expression

[ik-spresh-uhn]

noun


Origin of expression

1425–75; late Middle English < Latin expressiōn- (stem of expressiō) a pressing out. See express, -ion
Related formsex·pres·sion·al, adjectiveex·pres·sion·less, adjectiveex·pres·sion·less·ly, adverbpre·ex·pres·sion, nounre·ex·pres·sion, nounsu·per·ex·pres·sion, noun

Synonyms for expression

1. utterance, declaration, assertion, statement. 2. term, idiom. See phrase. 3. language, diction, phraseology. 5. manifestation, sign. 6. aspect, air.
Dictionary.com Unabridged Based on the Random House Unabridged Dictionary, © Random House, Inc. 2019


Examples from the Web for expression

Contemporary Examples of expression

Historical Examples of expression


British Dictionary definitions for expression

expression

noun

the act or an instance of transforming ideas into words
a manifestation of an emotion, feeling, etc, without wordstears are an expression of grief
communication of emotion through music, painting, etc
a look on the face that indicates mood or emotiona joyful expression
the choice of words, phrases, syntax, intonation, etc, in communicating
a particular phrase used conventionally to express somethinga dialect expression
the act or process of forcing or squeezing out a liquid
maths a variable, function, or some combination of constants, variables, or functions
genetics the effect of a particular gene on the phenotype
Derived Formsexpressional, adjectiveexpressionless, adjectiveexpressionlessly, adverb
Collins English Dictionary - Complete & Unabridged 2012 Digital Edition © William Collins Sons & Co. Ltd. 1979, 1986 © HarperCollins Publishers 1998, 2000, 2003, 2005, 2006, 2007, 2009, 2012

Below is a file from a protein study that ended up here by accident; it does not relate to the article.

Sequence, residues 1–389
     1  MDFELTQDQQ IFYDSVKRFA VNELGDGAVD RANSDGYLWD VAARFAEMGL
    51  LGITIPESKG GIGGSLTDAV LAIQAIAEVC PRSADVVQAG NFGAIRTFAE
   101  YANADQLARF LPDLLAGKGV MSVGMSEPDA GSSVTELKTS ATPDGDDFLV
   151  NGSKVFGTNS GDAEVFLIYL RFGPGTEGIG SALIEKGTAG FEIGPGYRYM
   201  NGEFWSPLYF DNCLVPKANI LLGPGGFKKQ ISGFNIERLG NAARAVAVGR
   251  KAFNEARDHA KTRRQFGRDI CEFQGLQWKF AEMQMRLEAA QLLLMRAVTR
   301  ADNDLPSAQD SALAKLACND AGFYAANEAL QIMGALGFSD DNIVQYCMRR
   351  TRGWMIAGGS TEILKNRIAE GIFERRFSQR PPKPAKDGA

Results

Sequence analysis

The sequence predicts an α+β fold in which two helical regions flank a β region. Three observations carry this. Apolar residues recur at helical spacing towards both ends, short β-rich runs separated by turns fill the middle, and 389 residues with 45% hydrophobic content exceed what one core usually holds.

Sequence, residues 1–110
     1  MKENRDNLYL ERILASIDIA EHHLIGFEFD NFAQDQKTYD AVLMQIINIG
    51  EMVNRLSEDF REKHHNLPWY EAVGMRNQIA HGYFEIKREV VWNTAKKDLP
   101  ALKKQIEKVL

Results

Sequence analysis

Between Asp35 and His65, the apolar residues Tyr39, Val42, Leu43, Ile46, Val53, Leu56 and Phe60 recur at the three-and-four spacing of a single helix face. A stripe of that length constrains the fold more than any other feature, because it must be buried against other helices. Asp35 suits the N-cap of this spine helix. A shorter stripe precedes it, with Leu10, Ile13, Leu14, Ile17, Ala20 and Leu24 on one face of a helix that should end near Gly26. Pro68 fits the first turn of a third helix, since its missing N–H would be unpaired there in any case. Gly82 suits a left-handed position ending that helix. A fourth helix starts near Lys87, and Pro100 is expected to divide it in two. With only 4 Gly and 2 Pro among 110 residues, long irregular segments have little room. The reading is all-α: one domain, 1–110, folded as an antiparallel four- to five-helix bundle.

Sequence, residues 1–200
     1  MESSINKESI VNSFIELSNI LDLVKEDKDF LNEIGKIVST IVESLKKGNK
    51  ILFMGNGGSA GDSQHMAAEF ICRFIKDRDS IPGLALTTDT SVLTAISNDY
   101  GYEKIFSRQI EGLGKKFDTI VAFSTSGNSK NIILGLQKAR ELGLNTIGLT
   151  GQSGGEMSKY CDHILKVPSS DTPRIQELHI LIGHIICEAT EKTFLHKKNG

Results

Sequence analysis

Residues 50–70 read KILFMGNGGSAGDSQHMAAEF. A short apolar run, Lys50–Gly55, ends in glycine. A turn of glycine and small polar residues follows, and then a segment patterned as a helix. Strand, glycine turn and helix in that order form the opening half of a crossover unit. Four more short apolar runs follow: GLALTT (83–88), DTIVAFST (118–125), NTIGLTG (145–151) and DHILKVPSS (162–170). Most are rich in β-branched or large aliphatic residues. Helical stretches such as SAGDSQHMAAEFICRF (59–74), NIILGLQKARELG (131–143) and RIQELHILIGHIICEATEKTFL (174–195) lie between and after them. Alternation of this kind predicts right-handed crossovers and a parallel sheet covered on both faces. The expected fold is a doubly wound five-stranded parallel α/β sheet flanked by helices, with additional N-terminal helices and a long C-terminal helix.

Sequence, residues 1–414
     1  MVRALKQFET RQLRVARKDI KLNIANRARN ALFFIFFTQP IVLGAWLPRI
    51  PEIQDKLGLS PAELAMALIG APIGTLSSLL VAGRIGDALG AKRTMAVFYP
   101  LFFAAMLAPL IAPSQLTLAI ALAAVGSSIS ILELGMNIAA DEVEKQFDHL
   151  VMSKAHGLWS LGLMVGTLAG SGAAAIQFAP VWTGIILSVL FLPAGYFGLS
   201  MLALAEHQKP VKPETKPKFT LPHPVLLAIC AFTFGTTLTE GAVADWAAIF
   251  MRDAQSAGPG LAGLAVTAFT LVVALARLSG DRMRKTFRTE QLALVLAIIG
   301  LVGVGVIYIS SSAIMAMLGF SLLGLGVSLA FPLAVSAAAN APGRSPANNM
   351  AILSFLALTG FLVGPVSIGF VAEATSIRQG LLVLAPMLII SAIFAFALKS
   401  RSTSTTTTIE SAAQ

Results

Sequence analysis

Word Origin and History for expression
n.

early 15c., "action of pressing out;" later (mid-15c.) "action of manifesting a feeling;" (late 15c.) "a putting into words," from Middle French expression (14c.), from Late Latin expressionem (nominative expressio), noun of action from past participle stem of exprimere (see express (v.)). Meaning "an action or creation that expresses feelings" is from 1620s. Of the face, from 1774. Occasionally the word also was used literally, for "the action of squeezing out."

Online Etymology Dictionary, © 2010 Douglas Harper

expression in Medicine

expression

[ĭk-sprĕshən]

n.

The act of pressing or squeezing out.
The outward manifestation of a mood or disposition by mobility of the facial features; facies.
The phenotype manifested by a genotype under fixed environmental conditions.
The American Heritage® Stedman's Medical Dictionary Copyright © 2002, 2001, 1995 by Houghton Mifflin Company. Published by Houghton Mifflin Company.